Protesting Award to Robert Kraft Amid Prostitution Scandal, Genesis Prize Board Member Quits

Prof. Rivka Carmi tenders resignation citing frustration and disappointment to proceed with honoring the New Englands Patriot owner, recently charged with soliciting prostitution

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Rivka Carmi (left) and Robert Kraft
Rivka Carmi (left) and Robert KraftCredit: Streeter Lecka/Getty Images/AFP, Ilan Assayag
Judy Maltz
Judy Maltz

A member of the Genesis Prize advisory board has resigned in protest at its decision to move ahead with honoring Jewish-American billionaire Robert Kraft, after he was charged last month with soliciting prostitution.

Prof. Rivka Carmi, former president of Ben-Gurion University of the Negev, tendered her resignation earlier this week, Haaretz has learned, citing her frustration and disappointment with the decision. She asked that her resignation take effect immediately.

It is the first act of dissent within the board against awarding Kraft the $1 million prize, after misdemeanor charges on two counts of soliciting prostitutes were filed against him by police in Florida.

According to the allegations, the owner of the New England Patriots solicited the prostitutes at a spa. Kraft has denied the allegations.

Contacted by Haaretz, Carmi, who served as president of the Be’er Sheva university for 12 years until her retirement last December, confirmed she had stepped down, but declined to issue any further comment.

She is the first and only woman to serve as president of an Israeli research university and was one of 10 members of the Genesis Prize advisory board, headed by former Jewish Agency Chairman Natan Sharansky.

The Genesis Prize declined to comment on Carmi’s resignation.

The prize, which often refers to itself as the “Jewish Nobel,” was launched in 2013 by a group of Russian-Jewish businessmen. Its previous recipients are former New York City Mayor Michael Bloomberg, violinist Itzhak Perlman, sculptor Anish Kapoor and actor-producer Michael Douglas.

The foundation that runs the prize also faced controversy last year when actress Natalie Portman, who was picked as the 2018 laureate, announced her decision to boycott the awards ceremony in Israel so as not to share a stage with Prime Minister Benjamin Netanyahu.

Recipients of the Genesis Prize have all donated their gifts to charitable causes. According to the foundation website, the prize is meant to honor “extraordinary individuals for their outstanding professional achievement, contribution to humanity, and commitment to Jewish values and Israel.”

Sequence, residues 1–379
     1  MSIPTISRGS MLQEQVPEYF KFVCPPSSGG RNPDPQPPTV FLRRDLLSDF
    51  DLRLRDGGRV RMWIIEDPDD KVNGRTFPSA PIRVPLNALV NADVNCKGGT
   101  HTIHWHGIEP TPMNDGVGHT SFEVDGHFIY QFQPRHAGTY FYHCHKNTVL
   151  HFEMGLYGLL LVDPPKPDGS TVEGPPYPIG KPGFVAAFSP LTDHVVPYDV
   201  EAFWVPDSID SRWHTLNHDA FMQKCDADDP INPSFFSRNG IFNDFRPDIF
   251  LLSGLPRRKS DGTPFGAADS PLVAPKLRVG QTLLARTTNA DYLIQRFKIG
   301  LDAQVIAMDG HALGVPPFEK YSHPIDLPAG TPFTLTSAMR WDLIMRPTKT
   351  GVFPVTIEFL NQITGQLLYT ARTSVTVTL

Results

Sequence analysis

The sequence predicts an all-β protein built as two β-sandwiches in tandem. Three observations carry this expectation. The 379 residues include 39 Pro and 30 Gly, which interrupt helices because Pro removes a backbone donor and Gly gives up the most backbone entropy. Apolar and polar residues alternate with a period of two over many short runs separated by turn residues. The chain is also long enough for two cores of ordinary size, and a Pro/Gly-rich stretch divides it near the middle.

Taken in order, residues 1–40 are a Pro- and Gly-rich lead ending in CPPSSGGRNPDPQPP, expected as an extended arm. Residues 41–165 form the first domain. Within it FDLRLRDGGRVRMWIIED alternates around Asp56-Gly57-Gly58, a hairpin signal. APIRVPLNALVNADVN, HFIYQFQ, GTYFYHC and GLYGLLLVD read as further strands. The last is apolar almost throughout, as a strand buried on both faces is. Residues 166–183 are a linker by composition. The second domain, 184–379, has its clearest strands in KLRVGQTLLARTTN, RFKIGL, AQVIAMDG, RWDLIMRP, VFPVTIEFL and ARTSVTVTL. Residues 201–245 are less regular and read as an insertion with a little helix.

The decision to award Kraft this year’s prize was announced in January, and the awards ceremony is scheduled for June.

Announcing its pick, the Genesis Prize Foundation noted that “for decades, Kraft has spoken out publicly and donated generously to organizations combating prejudices, including anti-Semitism and the delegitimization of the State of Israel.”

Kraft, who is know to be a good friend of both U.S. President Donald Trump and Netanyahu, and has donated large sums of money to Israel, pledged to donate the $1 million prize to fighting anti-Semitism.

Haaretz spoke with several individuals involved in the Genesis Prize selection process, who expressed concerns about the decision to move ahead with honoring Kraft after he was charged. To date, Carmi is the only one to have taken decisive action.

Kraft had been a candidate in previous years as well, Haaretz has learned, but did not make the final cut. Sources close to the selection process speculated that the decision to award him the prize this year might have been prompted by a desire to make amends with Netanyahu, after the embarrassment he suffered last year.

A week after charges were filed against Kraft, the foundation’s president, Steve Rakitt, sent a letter to a group of individuals involved in the selection process, notifying them that the awards ceremony would proceed as planned, with the billionaire philanthropist receiving the honor.

The letter, obtained by Haaretz, posted a link to an interview published in The Jerusalem Post the previous day, in which Stan Polovets, the foundation chairman and co-founder, defended Kraft. Asked in the interview if the foundation intended to rescind the prize in light of the allegations against Kraft, Polovets said: “Absolutely not.”

“The incident reported last week is unfortunate,” he said. “However, as of now, it remains an unproven allegation. Through a spokesman, Robert has categorically denied that he engaged in any illegal activity. In democratic countries, everyone is entitled to the presumption of innocence and I have no reason to doubt Robert’s word.”

A footnote at the bottom of the interview, conducted by “Jerusalem Post Staff,” notes that it “was written in cooperation with the Genesis Prize.”

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